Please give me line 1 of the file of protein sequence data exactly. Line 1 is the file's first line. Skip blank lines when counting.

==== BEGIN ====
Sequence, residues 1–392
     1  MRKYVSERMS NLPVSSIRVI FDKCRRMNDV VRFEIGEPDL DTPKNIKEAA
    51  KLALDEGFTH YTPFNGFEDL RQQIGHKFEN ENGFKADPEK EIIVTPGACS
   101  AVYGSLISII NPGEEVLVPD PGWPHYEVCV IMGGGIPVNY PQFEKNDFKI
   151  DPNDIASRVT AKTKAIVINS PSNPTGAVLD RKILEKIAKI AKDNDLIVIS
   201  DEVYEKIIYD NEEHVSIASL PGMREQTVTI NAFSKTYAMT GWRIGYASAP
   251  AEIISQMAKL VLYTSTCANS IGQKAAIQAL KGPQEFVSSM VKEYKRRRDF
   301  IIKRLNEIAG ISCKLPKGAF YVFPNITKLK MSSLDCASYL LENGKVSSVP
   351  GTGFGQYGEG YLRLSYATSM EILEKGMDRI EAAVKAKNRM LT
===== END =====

Sequence, residues 1–392